I hadn’t done a sunrise in ages. I noted that to myself last night and promised that if I could make it work this morning, then I would head down to Lake Parker.

Not having done one has been a combination of a general being overwhelmed with too many things on my plate and also a feeling that over a few months I had done so many, that there was nothing left to shoot.

Morning starts are probably the most overrun aspects of my life, these days. So many little mouths to feed and only two hands to feed them with.

With ten cats and a new batch of possum babies, the pressure is on me from the moment I step out of bed these days. My own breakfast and medicine-taking doesn’t typically happen until that first hour is over and all the little furry guys are off about their day.

So, by foregoing breakfast and forgetting the medicine, I was able to streamline the process this morning and get down to the boat ramp at Lake Parker before the sky started to do anything.

I took the 11mm lens as I think it is a great sky-lens with such a wide view.

Anyway, hope you like what I got and though I won’t win any awards for it, it was still a lovely morning to watch the progression.


As I stood down there and the men in their boats began their days, I stood at the end of the pier and with the soft breeze wafting gently around me, I breathed in the moment and enjoyed the calm and wondrous start to the day.

That’s what brought this blog thought to mind, actually. You see, I had grown so oversaturated with beautiful sunrises, I forgot how beautiful they actually are. And the joy that they bring to my heart in witnessing.

Why is it that we can “have too much of a good thing” to where we forget how good it actually is?

Getting spoiled is not unique to us humans. I have noticed the same behavior in these little furry guys that live with me. There was a time they would eat anything but now unless it is Fancy Feast Gravy Lovers, and a particular flavor or two of that, you can whistle Dixie trying to get their interest.

I remember thinking about this whole behavioral aspect many years ago when saw some young African kid being almost ecstatic when he was handed a bowl of rice by a charity on TV. Hand a bowl of rice to any kid here in America and they will just look at you, waiting for the rest.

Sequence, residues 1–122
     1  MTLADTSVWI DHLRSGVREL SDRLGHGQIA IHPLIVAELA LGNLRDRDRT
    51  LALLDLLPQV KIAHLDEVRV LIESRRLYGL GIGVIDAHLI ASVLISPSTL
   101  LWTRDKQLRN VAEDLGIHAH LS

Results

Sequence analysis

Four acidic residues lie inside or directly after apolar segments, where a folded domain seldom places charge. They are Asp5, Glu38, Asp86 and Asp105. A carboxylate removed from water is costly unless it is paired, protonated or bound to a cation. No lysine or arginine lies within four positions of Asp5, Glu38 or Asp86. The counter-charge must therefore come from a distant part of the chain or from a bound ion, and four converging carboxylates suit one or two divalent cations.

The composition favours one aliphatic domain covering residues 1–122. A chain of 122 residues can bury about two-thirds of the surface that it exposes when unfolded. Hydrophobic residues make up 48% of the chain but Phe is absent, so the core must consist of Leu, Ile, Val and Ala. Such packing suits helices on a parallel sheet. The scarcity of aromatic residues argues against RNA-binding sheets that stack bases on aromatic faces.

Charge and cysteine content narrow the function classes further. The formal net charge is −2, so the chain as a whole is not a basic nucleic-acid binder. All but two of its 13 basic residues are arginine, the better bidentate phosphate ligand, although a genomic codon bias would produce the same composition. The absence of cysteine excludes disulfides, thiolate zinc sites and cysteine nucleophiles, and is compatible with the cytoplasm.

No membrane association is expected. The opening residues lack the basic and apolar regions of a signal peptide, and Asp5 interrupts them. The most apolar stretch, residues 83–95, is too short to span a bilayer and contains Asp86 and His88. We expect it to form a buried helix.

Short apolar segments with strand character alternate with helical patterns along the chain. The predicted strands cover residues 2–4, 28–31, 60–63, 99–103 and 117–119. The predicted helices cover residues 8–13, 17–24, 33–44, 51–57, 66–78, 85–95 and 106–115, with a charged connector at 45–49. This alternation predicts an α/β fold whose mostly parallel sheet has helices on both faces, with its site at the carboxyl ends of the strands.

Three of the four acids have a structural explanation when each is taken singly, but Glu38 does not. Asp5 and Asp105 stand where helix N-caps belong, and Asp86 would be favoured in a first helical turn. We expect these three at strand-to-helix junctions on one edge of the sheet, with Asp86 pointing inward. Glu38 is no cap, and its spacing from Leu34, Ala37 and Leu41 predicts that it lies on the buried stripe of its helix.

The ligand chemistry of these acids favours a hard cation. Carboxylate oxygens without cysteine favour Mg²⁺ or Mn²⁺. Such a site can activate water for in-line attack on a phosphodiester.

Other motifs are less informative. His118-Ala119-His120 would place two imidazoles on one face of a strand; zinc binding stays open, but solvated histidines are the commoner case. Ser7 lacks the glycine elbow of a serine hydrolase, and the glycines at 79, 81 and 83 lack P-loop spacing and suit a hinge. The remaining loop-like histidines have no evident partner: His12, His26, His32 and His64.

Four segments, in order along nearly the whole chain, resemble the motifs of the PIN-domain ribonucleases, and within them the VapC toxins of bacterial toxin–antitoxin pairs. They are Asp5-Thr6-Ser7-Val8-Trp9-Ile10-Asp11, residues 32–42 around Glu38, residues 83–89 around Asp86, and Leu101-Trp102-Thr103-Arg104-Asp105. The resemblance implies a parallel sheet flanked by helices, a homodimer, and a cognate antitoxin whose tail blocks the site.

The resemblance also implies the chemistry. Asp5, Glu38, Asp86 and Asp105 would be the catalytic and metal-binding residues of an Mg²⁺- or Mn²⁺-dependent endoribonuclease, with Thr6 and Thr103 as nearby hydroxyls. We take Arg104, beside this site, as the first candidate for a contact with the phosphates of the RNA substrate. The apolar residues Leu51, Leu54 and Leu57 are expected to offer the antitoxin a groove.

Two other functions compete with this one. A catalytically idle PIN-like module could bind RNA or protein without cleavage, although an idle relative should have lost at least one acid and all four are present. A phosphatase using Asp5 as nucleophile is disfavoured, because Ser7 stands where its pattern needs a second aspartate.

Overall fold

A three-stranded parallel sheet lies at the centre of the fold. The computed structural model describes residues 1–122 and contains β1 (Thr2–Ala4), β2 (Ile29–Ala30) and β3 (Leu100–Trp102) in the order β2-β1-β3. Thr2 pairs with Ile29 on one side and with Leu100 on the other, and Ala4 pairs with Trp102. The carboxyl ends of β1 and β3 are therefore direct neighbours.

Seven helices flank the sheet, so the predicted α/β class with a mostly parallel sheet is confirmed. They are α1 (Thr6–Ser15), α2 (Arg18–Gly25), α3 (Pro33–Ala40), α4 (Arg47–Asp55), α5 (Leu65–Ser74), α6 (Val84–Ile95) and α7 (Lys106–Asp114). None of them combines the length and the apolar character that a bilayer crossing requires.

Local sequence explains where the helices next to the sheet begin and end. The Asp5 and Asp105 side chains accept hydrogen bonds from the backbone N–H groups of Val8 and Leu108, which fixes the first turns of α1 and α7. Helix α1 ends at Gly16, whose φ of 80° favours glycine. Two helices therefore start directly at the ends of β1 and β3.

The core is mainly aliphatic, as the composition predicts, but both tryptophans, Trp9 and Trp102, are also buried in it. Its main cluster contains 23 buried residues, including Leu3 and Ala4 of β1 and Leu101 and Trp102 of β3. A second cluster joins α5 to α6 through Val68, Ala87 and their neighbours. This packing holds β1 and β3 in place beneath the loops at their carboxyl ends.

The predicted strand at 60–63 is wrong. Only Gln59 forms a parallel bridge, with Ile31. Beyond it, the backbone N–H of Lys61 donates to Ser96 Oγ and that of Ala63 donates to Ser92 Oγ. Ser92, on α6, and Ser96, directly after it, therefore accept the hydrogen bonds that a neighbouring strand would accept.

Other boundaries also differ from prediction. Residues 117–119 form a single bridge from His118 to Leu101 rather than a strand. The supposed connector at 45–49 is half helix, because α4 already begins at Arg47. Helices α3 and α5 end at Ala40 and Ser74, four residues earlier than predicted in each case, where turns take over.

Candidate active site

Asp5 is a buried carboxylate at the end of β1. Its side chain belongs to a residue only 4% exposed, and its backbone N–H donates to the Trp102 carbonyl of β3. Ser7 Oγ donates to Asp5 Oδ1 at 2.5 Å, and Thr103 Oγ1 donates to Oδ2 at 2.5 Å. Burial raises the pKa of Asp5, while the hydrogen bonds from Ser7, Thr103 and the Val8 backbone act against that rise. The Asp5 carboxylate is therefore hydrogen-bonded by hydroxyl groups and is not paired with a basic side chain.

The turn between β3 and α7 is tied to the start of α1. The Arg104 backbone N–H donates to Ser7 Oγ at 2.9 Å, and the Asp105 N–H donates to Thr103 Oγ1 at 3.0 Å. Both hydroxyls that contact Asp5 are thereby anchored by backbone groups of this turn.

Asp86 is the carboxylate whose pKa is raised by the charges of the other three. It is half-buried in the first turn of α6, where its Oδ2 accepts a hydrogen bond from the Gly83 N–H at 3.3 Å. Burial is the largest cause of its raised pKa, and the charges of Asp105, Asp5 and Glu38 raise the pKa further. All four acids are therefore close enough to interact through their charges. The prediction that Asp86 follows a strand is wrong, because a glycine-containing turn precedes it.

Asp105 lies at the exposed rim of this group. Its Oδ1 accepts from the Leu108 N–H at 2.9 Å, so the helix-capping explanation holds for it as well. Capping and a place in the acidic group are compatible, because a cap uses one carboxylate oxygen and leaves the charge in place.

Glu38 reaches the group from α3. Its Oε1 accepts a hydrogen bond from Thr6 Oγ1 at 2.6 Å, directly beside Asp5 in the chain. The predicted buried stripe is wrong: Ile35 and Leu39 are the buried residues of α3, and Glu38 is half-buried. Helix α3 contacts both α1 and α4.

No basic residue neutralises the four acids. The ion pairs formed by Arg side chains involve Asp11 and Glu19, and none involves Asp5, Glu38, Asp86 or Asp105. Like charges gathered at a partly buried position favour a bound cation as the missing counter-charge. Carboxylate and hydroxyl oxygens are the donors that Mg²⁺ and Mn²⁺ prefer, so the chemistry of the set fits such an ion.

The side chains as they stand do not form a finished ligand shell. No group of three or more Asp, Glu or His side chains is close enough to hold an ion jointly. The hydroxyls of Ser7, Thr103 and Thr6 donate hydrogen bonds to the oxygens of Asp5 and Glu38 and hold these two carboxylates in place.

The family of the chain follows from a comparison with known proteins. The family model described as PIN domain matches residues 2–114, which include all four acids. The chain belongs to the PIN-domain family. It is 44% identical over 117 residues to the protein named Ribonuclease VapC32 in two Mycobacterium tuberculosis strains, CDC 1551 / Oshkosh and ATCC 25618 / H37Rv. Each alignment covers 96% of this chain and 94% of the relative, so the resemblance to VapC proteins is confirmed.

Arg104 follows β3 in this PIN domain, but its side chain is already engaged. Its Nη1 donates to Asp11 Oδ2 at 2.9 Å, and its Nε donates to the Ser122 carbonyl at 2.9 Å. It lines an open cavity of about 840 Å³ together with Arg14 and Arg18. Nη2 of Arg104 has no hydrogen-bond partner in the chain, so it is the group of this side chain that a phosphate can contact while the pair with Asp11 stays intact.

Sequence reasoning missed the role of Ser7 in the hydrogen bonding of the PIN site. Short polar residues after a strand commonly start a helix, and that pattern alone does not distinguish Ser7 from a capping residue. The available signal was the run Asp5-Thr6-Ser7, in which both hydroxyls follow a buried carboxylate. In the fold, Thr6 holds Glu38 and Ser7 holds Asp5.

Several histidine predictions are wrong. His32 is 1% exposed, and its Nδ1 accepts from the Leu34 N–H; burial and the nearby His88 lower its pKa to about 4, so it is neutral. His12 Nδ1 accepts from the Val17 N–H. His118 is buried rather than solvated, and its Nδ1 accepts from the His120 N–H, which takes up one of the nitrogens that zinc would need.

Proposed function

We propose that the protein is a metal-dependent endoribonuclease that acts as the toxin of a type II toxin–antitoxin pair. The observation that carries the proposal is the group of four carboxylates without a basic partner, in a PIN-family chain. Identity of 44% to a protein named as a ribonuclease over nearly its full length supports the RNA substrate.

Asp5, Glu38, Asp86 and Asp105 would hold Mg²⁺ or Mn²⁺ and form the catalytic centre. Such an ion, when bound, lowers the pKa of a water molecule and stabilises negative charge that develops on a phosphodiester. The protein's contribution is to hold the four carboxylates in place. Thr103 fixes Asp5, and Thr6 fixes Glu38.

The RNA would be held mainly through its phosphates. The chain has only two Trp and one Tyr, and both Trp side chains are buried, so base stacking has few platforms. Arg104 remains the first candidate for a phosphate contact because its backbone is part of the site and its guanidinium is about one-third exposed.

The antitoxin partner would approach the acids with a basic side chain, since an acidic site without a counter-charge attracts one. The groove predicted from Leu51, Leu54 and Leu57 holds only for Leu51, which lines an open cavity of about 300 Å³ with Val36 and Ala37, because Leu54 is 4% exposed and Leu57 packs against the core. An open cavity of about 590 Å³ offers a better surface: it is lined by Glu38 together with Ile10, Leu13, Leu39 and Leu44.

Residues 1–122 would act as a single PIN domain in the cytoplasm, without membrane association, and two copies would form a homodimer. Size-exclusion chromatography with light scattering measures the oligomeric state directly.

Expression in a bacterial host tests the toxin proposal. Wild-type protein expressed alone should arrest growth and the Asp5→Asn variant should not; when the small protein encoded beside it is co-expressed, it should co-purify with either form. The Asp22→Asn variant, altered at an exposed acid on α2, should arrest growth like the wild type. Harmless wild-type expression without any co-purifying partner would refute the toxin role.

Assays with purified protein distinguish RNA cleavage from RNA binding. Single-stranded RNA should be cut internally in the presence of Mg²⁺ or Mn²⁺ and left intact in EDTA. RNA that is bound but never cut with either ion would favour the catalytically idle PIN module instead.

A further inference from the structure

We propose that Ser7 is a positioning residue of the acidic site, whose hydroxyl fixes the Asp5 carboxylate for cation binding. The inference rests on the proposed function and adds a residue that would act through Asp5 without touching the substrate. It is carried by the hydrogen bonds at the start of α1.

The sunrises here in Florida are so frequently beautiful that they are taking for granted by almost everyone. In all my years of going down to Lake Parker to watch them, I have never noticed one other person there for it. Yes, there have been boaters setting off and an occasional person standing there fishing as the sun comes up.

But the rising sun generates very little awe in the viewers here.

Isn’t that sad.

John Milton’s epic poem Paradise Lost (from 1667) essentially drove home the point that we only notice paradise when it is taken away. If we find ourselves living in it, pretty soon, we (and our cats) take it all for granted.

I have seen this to be true in almost every facet of life. It is not just where we live, what we eat and drink, what we experience. But, even the people in our lives; we become so accustomed to them that we only truly notice them when they are taken away.

It might be a love lost, or a tragedy that takes someone from us. But whatever it is, the measure by which we love them only truly hits home when they are no longer in our lives.

Life has driven this point home for me repeatedly in the past few years and I still get sudden pangs of loss and grief when I am unable to call my Dad or Mam and share some happening with them. Or maybe I just walk by a picture of them that I have lain somewhere.

And I can’t drive by the train track where Brittany tried to kill herself, without wishing for times long gone with her.

So, I guess the point I am trying to make here is that we should look around us often and see who and what is in our lives and in our hearts. Because one day that may not be the case. The sun may not rise or we may not be around to see it.

Appreciating what we have and who we have, is an essential part of our living. Look around today and breathe in life. And if you see something pretty, stop and appreciate it.

It, or you, won’t always be here to.

… just a thought!